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  • 3 hours and 40 minutes
  • Difficult
  • Desserts and Fruit
Soft and sweet, filled with bits of candied fruit and raisins, panettone is a classic Italian Christmas dessert.


  • 3 lb all-purpose flour
  • 1 lb butter
  • ¾ lb granulated sugar
  • milk to taste
  • 7 oz sultanas
  • ½ lb sourdough starter
  • 1 ¾ oz candied orange
  • 10 egg yolks
  • 3 eggs
  • salt


Leave the sourdough starter to rise well, wrapped in a napkin dusted with flour, until doubled in volume, in a warm dry place. The rising is a critical operation to make a good panettone.

Two hours or so should be enough.

Put about 1 1/4 cups of flour onto a pastry board, crumble the sourdough starter in, dissolving it with a bit of warm water, gently fold in the flour, to make a soft and smooth dough. Once made a pat of dough, place it into bowl, dusted with flour and cover with a napkin; leave to rest for 3 hours.

After said time, put onto the pastry board 2 cups of flour and place the risen dough in the centre. Add a few tablespoon of milk to the risen dough to soften it, then incorporate the flour, to obtain a smooth dough. Knead vigorously and make a ball of dough to be left to rise, as you did before, into the bowl covered with a napkin, for 2 hours.

Dice the candied citron and orange, soak the sultanas in warm water for fifteen minutes and dry well. Melt 1 1/4 cups of butter, without frying. In another pan, dissolve the sugar in warm water to make a syrup, then add the whole eggs and egg yolks, cook in a bain-marie to heat up the mixture.

Pour 2,2 lbs of flour onto the pastry board, add a pinch of salt and mix it to the flour. Make a well in the centre. Place the ball of risen dough in the well, add the melted butter and mix. Now add the sugar syrup, previously blended with the eggs, and incorporate slowly, bit by bit, all the remaining flour. Knead vigorously for at least 20 minutes, amalgamating all the ingredients to make a firm smooth and elastic dough. In the end add the sultanas and candied fruit. According to the size of the oven, you can divide the dough in two or three parts.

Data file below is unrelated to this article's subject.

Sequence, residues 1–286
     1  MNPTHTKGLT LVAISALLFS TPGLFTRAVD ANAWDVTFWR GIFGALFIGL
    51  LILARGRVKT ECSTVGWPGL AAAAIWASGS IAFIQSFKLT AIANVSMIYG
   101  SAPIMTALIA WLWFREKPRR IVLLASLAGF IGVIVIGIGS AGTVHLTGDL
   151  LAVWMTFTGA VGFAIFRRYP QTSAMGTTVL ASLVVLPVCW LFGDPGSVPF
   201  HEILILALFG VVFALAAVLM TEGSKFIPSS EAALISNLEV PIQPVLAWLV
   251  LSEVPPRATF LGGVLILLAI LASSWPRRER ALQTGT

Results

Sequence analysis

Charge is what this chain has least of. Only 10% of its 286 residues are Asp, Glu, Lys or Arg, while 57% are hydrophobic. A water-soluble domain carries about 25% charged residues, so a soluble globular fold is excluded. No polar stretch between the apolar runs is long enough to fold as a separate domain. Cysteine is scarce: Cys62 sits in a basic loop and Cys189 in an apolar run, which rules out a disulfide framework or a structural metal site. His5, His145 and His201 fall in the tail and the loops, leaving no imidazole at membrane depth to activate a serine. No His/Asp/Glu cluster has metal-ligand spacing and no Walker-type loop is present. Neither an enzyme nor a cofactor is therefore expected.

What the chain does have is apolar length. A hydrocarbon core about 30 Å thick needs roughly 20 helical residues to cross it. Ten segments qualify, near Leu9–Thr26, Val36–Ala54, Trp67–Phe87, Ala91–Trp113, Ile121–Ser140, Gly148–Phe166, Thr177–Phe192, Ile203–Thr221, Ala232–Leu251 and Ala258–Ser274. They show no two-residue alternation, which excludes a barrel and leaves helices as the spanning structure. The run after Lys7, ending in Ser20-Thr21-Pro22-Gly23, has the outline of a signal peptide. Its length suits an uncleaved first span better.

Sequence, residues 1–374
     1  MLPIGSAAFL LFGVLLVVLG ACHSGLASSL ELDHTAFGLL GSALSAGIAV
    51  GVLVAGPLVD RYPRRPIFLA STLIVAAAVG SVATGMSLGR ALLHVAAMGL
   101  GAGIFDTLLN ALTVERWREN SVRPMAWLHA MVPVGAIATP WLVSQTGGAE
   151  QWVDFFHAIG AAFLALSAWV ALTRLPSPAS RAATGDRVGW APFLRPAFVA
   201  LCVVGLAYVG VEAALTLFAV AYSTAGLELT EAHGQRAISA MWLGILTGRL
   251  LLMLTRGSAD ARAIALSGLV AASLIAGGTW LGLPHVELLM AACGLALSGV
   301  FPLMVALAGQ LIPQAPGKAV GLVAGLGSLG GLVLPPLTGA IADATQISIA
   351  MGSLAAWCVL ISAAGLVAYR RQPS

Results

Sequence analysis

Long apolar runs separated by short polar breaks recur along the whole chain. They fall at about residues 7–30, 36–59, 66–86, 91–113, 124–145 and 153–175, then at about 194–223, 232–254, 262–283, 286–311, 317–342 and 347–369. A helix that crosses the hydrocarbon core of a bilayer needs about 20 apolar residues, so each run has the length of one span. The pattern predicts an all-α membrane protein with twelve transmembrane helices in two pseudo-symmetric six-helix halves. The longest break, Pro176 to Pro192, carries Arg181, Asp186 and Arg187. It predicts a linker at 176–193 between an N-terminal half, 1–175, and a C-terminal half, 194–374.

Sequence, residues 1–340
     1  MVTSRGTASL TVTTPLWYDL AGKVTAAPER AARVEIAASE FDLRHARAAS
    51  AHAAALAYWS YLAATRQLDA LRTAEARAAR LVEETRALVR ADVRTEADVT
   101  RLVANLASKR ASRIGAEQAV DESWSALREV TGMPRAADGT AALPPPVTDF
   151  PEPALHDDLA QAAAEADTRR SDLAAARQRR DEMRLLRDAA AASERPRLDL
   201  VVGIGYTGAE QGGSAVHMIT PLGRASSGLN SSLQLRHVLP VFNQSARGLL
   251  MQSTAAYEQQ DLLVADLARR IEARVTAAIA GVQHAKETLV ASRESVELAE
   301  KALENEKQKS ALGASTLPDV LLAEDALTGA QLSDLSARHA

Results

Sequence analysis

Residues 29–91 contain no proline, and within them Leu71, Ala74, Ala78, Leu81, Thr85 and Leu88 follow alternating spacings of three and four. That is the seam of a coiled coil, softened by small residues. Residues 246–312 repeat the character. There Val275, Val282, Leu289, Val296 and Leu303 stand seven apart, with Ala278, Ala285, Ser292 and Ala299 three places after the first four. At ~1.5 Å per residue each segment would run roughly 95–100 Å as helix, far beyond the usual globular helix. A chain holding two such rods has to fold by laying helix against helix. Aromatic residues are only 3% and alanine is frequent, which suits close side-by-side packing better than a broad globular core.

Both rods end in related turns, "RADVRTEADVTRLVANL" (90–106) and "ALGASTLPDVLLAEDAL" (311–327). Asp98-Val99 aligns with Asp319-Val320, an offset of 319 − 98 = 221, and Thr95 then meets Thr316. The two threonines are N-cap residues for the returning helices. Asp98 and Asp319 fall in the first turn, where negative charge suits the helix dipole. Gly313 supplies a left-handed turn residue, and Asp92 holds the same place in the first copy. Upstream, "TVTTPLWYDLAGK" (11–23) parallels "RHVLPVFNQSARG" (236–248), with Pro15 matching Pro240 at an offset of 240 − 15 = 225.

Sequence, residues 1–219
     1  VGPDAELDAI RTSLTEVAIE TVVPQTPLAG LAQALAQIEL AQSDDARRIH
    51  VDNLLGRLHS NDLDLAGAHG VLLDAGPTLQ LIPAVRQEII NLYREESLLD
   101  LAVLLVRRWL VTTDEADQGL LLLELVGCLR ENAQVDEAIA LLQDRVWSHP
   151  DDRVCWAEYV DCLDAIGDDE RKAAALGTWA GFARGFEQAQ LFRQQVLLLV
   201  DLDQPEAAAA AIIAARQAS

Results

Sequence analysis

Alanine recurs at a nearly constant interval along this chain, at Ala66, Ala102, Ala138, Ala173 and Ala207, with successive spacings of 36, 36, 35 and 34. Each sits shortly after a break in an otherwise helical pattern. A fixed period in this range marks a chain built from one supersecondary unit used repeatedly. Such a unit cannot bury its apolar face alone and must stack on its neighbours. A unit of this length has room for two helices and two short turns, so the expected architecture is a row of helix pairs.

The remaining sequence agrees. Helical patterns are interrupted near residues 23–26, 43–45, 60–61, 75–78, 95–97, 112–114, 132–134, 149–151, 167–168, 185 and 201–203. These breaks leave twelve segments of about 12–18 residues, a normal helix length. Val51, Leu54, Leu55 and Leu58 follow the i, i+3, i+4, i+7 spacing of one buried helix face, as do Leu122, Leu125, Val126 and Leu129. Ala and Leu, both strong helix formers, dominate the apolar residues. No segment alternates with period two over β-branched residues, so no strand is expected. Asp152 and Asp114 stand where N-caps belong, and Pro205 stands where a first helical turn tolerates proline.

Grease your hands with butter and give a round shape to the dough; then place onto a paper sheet, buttered and floured where you will leave them to rise for six hours or so, in a warm dry place, without drafts. The rising is complete when the dough has doubled in volume.

Make an cross incision on the surface. Place the cakes in cool place for a few minutes, then into the oven at 400-425° F.

After five minutes in the oven, pour the melted butter into the cross incision on the top, and while baking, carefully turn the heat down reducing the temperature to prevent from burning.

Food History

Without a doubt, panettone is the most well known Italian Christmas treat. Originally from the city of Milan, panettone was once made at home under the supervision of the head of the household who would make a cross on top of each cake using a knife as a sign of good fortune for the year to come.

This delicious sweet probably derives from the large loaf of bread, or pane, which was consumed during a ritual known as the ceremony of the tree stump – cerimonia del ceppo. At the beginning of this sort of ceremony, the head of the family would make the sign of the cross and then place the large stump of an oak tree in the fireplace, along with a bunch of juniper branches. Once the fire was lit, the head of the family would fill a glass of wine and toss a couple of drops on the fire before taking a sip and passing the glass along to the other family members. Once the wine was gone, a coin was tossed in the fire and one was given to everyone in the family. At this point, the loaves panettone – usually three of them – were brought to the table. A slice of was cut to use as a blessing on Saint Biagio’s day in February and then kept as a good luck charm until next Christmas.

As you can see, panettone has always been closely linked to tradition. In fact, there are a number of legends regarding the creation of the sweet.
One of the most famous comes from the 15th century, from the court of Ludovico Sforza in Milan. Supposedly the duke held a fabulous banquet at this home, arranged by his cook. During the party, Toni, a 12-year-old kitchen helper was placed in charge of watching the oven. Apparently, the young boy fell asleep, causing the dessert to burn. The boy woke up to a cloud of smoke, immediately realizing what trouble he was going to be in. Out of desperation, he decided to quickly prepare a new dessert, grabbing the rest of the bread and anything else he could find: butter, candied fruit and raisins. When the cook returned to the kitchen and discovered what Toni had done, he had no other choice but to serve the sweet bread on a gold dish. The dinner guests looked at the dessert with suspicion, but once they tasted it, they ate it quite happily.
From that Christmas on, the Duke served the sweet bread at his holiday party.
Tense, panettone comes from compounding the words pane or bread with Toni, the name of the legendary young boy.

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This dish is part of our special Christmas menu